Charles Bukowski. Poet, dirty old man, and probably my one and true Patron Saint of Male Honesty.
It kind of drives me crazy when knee-jerk, conveniently feminist, selectively scandalized women publicly decry him as being a misogynist. The reality is that he loved women -- all differently messy, ugly, honest, raw, plastic and whorish -- and his writing should serve to inspire hope and confidence in any female of clear intelligence.
What I think a lot of women struggle with is looking for hidden meaning. It's obvious that the male and female brains work differently, and I think we can all agree as well that women are far more over-thinking and obsessive than men. I've always envied that men can be so straightforward. Even in their cowardice and insecurity, they are usually still rather demonstrative regarding their true feelings. It's women who never want to see it. Never want to believe that actions speak louder than words.
Bukowski, as mythic and poet, encapsulates true male mindfulness. He was disgusting and crude and viciously indifferent at times, but it was straightforward and always honest. I appreciate the pulling no punches and I exalt in it. For me, that kind of honesty is a rare gift. Being that confident -- confident enough to tell someone to their face that you think they're ugly but that you'll still fuck them -- must feel so freeing. Every day, feeling like you will be 100% yourself and people with either like it or not. Unsurprisingly, people loved Bukowski, the man -- women in particular -- and I would wager that the main reason why is that he didn't bullshit them.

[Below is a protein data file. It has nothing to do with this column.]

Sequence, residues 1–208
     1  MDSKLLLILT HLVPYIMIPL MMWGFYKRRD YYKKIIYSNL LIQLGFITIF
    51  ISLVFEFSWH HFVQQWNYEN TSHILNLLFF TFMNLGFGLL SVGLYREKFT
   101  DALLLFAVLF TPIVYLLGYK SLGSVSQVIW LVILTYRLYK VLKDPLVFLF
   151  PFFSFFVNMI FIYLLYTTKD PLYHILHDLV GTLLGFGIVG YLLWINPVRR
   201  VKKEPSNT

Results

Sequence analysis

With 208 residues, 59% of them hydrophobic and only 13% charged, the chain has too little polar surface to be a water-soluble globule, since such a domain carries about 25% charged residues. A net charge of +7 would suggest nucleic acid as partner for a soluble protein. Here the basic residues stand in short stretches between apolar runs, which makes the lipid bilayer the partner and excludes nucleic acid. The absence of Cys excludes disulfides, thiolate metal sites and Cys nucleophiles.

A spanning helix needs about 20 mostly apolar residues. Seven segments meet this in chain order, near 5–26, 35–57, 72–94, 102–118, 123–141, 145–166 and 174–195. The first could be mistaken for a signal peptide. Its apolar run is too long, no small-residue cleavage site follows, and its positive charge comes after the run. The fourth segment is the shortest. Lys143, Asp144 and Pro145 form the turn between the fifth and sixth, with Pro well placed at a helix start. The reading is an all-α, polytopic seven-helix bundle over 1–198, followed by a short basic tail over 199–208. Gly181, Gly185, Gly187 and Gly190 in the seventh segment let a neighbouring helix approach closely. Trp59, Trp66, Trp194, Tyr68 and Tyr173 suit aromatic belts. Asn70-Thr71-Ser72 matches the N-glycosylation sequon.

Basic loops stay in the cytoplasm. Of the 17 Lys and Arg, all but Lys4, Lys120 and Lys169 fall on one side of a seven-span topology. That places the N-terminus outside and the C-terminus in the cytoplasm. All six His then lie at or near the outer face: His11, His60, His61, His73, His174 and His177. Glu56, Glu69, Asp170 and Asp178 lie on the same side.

For my own part, I'm doing a lot of work lately to not bullshit others, or myself. I'm trying to be more deliberate, say more what's on my mind, and walk that fine line between not being outright hurtful, but not hide behind double-speak either. So far, just the increase in awareness, the paying attention to the tone I'm using and the communication goal I'm trying to reach, has been cathartic enough.
My favorite Bukowski line of all time follows. There is so much meaning here; so much about the poison of unspoken desires, unsatisfied power, and unquenched rage.
"I think that when a woman has kept her legs closed / for 35 years / it's too late / either for love / or for / poetry."